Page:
Youth who binge drink often choose liquor—particularly vodka—and tend to Bud Light, Budweiser, and Coors Light among beer brands, according to a survey conducted by researchers at the Boston University School of Public Health and the Center on Alcohol Marketing and Youth at the Johns Hopkins Bloomberg School of Public Health.
The report, published in the Journal of Substance Use, is the first to document alcohol brands used for binge drinking—defined as five or more drinks in a row for males, four or more drinks in a row for females—by those between the ages of 13 and 20.
Hard alcohol was more popular among underage consumer, researchers found, accounting for 43.8% of binge episodes, compared to 31.4% for beer. Vodka accounted for 26.7% of all binge episodes among liquor (and 11.7% of all binge episodes overall). The most popular brands among underage consumers were Bud Light (13.5% of all youth), Jack Daniel's bourbons (7.0%), Smirnoff malt beverages (6.8%), Budweiser (6.5%), Coors Light (6.1%), and Smirnoff vodkas (5.6%).
"The inclusion of some relatively expensive brands in the top 25 binge brand list suggests that variables other than price are driving youth brand preferences with respect to binge drinking," said study author David Jernigan, director of the Center on Alcohol Marketing and Youth at JHU. "Future research will explore which factors drive brand and beverage variability in youth binge drinking."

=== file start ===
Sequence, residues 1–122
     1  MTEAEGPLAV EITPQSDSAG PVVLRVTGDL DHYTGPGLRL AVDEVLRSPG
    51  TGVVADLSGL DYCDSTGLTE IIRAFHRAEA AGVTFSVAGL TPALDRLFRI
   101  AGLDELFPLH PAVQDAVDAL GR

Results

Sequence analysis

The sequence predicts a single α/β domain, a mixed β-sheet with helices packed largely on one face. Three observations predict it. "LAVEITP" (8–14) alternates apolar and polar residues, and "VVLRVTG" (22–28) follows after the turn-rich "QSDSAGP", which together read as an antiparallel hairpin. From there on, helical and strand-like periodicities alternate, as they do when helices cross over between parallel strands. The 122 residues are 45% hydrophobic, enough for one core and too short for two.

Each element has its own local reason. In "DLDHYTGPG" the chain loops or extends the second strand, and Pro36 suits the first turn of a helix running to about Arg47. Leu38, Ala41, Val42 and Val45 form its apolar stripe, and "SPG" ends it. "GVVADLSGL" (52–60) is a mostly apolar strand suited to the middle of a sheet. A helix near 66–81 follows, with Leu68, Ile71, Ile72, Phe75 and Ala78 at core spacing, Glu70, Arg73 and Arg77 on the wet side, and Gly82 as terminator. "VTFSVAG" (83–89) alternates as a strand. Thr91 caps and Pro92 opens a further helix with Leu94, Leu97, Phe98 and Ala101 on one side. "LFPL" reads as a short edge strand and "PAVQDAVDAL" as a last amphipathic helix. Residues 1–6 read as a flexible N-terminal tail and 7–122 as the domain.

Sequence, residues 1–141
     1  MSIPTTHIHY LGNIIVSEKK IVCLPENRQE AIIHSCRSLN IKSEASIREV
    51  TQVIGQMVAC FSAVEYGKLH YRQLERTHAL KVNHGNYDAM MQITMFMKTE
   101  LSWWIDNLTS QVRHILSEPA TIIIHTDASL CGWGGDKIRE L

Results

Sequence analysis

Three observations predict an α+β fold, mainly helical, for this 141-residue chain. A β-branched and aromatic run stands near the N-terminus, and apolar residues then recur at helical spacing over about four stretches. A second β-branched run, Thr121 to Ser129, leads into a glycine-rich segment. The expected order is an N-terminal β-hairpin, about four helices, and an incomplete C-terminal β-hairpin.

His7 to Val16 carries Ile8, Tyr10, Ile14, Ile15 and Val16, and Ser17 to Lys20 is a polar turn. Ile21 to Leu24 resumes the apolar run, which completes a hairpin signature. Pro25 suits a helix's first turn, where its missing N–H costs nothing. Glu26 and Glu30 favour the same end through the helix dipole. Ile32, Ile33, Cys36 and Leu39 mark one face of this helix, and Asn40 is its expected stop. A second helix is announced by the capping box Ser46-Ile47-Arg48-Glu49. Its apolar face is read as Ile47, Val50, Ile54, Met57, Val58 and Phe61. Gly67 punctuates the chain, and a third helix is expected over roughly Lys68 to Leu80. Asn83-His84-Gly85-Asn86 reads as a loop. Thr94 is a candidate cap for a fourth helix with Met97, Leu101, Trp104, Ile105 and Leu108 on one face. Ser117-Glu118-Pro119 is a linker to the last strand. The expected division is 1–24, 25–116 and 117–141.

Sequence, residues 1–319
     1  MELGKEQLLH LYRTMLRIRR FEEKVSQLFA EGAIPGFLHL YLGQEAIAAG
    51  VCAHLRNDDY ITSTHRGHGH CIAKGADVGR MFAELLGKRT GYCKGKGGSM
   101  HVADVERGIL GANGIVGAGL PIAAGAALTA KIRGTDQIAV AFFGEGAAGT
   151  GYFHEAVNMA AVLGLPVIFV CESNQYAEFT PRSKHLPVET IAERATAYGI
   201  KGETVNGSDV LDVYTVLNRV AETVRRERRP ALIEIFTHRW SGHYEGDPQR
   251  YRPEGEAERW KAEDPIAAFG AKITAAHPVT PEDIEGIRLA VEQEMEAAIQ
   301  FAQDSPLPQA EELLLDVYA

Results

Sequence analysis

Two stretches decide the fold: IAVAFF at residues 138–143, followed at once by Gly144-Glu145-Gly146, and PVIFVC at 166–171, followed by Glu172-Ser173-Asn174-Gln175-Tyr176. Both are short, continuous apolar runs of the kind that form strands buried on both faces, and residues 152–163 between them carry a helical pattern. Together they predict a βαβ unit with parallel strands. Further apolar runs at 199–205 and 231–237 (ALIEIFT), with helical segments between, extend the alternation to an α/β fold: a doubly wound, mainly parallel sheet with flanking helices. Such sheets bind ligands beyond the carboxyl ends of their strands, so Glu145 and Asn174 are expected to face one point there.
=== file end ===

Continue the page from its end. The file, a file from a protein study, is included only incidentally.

Survey respondents were asked about what alcohol they had consumed in the past 30 days and were given a list of 898 brands within 16 beverage categories to choose from.The top 25 binge brands accounted for almost half (46.2%) of all binge reports. Previous research from the authors found that the 25 leading brands for overall consumption accounted for 41.8% of youth consumption, suggesting that youth binge drinking is similarly or slightly more brand concentrated compared with youth drinking generally.
"Binge drinking accounts for most of the alcohol consumed by youth in the U.S. and is associated with a host of negative consequences, including drunk driving, sexual assaults, and suicide," said lead study author Timothy Naimi, an associate professor at the Boston University School of Public Health. "Identifying the types of alcohol and specific brands youth are choosing when they binge drink is important for the development of public health interventions designed to curtail this dangerous public health problem."
The study also affirms that binge drinking remains the predominant pattern of youth drinking in the U.S. Results show that two-thirds of all youth drinks were consumed during binge drinking episodes, and more than half of youth drinkers reported binge drinking at least once during the past 30 days.
"Each year, approximately 4,300 young people under 21 die as a result of alcohol use," Jernigan said. "This study underscores the need to redouble our efforts on the national, state, and local levels to address youth alcohol access and consumption."